On June 10, the U.S. Supreme Court issued its decision in Borden v. United States, ruling that a criminal offense with a reckless mental state does not qualify as a “violent felony.” While Borden is not an immigration case, it has major immigration applications.
In 2018, the Tenth Circuit Court of Appeals had ruled that a recklessly committed offense could be classified as a crime of violence in United States v. Bettcher, 911 F.3d 1040 (10th Cir. 2018). Since Bettcher, it was unclear whether a conviction such as Colorado Third Degree Assault—requiring recklessly causing bodily injury, however slight—could be classified as a crime of violence and therefore trigger deportability under section 237(a)(2)(E) of the Immigration and Nationality Act (INA) where there was a domestic violence tag on the case.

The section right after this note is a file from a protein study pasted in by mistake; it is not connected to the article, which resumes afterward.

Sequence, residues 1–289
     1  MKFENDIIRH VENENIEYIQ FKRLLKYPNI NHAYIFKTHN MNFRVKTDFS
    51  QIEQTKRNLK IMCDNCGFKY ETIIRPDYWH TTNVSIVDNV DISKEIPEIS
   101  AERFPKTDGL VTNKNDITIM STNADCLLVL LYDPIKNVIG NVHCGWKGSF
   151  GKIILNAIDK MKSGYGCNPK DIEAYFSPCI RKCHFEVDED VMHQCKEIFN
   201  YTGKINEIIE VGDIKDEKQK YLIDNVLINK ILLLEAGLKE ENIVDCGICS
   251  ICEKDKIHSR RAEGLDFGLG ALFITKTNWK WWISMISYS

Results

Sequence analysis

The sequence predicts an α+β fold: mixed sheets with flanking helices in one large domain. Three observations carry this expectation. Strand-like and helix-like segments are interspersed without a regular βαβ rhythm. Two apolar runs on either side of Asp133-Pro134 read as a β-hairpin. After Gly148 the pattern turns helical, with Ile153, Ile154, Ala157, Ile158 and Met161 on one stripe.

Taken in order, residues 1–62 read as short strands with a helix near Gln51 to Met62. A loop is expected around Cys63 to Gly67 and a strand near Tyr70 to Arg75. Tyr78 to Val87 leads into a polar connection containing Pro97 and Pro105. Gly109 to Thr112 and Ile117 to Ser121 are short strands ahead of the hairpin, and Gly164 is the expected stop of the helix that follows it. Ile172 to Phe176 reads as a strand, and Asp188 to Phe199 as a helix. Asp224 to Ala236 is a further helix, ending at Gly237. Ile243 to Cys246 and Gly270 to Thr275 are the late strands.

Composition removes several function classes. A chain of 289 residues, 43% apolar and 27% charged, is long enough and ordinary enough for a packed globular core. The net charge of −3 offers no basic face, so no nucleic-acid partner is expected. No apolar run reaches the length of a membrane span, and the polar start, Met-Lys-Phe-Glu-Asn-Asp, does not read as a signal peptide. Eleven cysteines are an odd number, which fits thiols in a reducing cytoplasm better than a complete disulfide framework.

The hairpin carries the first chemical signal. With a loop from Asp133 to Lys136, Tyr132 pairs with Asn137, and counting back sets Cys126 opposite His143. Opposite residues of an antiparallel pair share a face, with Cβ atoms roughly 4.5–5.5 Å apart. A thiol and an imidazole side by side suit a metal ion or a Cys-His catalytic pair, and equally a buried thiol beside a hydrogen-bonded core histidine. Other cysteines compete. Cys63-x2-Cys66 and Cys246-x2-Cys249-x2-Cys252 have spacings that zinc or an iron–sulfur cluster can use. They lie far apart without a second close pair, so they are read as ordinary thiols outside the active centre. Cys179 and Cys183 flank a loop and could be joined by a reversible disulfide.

Now, in the wake of Borden, convictions for Colorado Third Degree Assault cannot trigger deportability as crimes of moral turpitude or as crimes of domestic violence. Not only will the Borden decision protect certain noncitizens with Third Degree Assault convictions from deportability, but it will also preserve the ability to apply for relief from removal in the form of cancellation of removal under section 240A(b) of the INA.
Contributed by Kirby Joseph, Alliance of Business Immigration Lawyers The Departments of Homeland Security (DHS) and Labor (DOL) published a joint temporary final rule making available an additional 22,000 H-2B…
On June 23rd, USCIS announced that it will accept resubmitted H-1B cap-subject petitions for Fiscal Year 2021 that were rejected solely because the requested start date was after October 1,…
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